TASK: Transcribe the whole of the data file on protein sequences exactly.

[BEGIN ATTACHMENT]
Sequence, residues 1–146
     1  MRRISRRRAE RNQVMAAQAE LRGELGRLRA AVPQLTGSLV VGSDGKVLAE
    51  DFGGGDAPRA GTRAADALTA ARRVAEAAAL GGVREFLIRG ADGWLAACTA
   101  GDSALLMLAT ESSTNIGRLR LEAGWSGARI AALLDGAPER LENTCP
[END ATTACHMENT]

Sequence, residues 1–146
     1  MRRISRRRAE RNQVMAAQAE LRGELGRLRA AVPQLTGSLV VGSDGKVLAE
    51  DFGGGDAPRA GTRAADALTA ARRVAEAAAL GGVREFLIRG ADGWLAACTA
   101  GDSALLMLAT ESSTNIGRLR LEAGWSGARI AALLDGAPER LENTCP